2. Workspaces per monitor. In a multi-head setup, each monitor can display its own workspace---independent of the other monitors. This makes changing your view of windows in multi-head setups much easier than in most other window managers, which will only allow you to see one workspace stretched across all of your monitors. Also, since placement policies like floating and tiling affect workspaces, this makes it possible for one monitor to be tiling while another is floating!

WARNING: The major drawback of using a workspaces per monitor model is that it violates an implicit assumption made by EWMH: that one and only one workspace may be viewable at any point in time. As a result, in multi-head setups, pagers and taskbars may operate in confusing ways. In a single head setup, they should continue to operate normally. Wingo provides prompts that allow you to add/remove workspaces and select clients that may alleviate the need for pagers or taskbars.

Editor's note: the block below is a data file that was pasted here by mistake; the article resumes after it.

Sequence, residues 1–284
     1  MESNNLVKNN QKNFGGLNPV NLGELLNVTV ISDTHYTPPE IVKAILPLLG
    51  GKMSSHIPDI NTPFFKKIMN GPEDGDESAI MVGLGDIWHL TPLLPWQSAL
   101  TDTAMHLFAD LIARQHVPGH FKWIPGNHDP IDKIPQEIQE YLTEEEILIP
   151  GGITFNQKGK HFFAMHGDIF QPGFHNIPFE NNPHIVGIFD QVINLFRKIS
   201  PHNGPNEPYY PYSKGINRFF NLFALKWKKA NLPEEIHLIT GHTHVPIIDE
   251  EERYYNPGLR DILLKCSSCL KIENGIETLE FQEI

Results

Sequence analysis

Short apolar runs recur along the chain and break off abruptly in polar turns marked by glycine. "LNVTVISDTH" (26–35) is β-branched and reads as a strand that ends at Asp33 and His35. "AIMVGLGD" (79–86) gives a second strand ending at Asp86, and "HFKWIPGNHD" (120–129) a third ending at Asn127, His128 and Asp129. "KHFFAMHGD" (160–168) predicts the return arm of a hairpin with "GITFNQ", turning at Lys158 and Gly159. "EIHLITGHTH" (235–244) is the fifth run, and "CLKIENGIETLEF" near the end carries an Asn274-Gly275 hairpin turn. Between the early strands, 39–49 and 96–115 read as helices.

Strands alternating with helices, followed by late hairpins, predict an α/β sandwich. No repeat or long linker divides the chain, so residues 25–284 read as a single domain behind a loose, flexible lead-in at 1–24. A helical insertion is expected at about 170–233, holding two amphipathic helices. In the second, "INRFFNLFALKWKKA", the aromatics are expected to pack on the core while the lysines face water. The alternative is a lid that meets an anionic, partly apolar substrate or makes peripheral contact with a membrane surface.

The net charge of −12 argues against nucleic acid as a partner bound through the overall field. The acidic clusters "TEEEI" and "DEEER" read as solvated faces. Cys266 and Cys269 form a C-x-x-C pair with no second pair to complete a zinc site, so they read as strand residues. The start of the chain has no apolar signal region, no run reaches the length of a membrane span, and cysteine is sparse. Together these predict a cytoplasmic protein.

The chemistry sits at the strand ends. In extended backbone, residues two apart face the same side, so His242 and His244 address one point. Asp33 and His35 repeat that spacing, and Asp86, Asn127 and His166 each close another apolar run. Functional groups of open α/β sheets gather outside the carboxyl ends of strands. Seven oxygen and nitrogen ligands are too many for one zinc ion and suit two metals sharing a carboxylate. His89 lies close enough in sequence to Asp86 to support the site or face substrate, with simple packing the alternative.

Wingo is extremely configurable. This includes binding any of a vast number of commands to key or mouse presses, theming your window decorations and setting up hooks that will fire depending upon a set of match conditions.

All configuration is done using an INI like file format with support for simple variable substitution (which makes theming a bit simpler). No XML. No recompiling. No scripting.

A fresh set of configuration files can be added to $HOME/.config/wingo with

wingo --write-config

Each configuration file is heavily documented.

Configuring key/mouse bindings and hooks uses a central command system called Gribble. For example, one can add a workspace named "cromulent" with this command:

AddWorkspace "cromulent"

But that's not very flexible, right? It'd be nice if you could specify the name of workspace on the fly... For this, simply use the "Input" command as an argument to AddWorkspace, which shows a graphical prompt and allows you to type in a name: